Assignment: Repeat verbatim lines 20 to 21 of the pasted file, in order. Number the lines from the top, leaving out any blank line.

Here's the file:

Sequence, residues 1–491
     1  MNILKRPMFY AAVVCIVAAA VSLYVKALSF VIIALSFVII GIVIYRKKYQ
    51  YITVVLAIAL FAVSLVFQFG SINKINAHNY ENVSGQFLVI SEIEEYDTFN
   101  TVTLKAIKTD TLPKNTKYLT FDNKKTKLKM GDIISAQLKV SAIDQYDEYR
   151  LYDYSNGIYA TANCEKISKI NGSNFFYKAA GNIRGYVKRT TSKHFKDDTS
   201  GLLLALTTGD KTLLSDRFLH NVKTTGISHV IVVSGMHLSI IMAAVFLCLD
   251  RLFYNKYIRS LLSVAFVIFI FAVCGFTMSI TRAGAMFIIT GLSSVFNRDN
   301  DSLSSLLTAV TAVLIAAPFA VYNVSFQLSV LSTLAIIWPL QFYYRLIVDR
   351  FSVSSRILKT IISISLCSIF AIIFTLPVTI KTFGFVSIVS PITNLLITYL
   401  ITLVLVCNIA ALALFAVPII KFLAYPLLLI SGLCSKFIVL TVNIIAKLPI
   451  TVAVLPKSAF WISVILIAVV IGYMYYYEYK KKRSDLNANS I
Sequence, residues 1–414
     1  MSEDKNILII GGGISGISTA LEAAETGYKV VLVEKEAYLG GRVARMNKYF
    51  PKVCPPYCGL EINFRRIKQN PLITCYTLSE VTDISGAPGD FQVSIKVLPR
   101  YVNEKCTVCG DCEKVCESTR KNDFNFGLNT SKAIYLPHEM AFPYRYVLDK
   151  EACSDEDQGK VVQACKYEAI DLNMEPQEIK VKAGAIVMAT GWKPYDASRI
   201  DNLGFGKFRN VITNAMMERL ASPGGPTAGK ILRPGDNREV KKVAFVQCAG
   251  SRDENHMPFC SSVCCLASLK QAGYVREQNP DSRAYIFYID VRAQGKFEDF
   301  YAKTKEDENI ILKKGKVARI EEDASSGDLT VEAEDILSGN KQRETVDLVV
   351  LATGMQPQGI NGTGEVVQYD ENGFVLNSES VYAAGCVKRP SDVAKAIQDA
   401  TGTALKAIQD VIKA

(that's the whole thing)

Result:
   351  LATGMQPQGI NGTGEVVQYD ENGFVLNSES VYAAGCVKRP SDVAKAIQDA
   401  TGTALKAIQD VIKA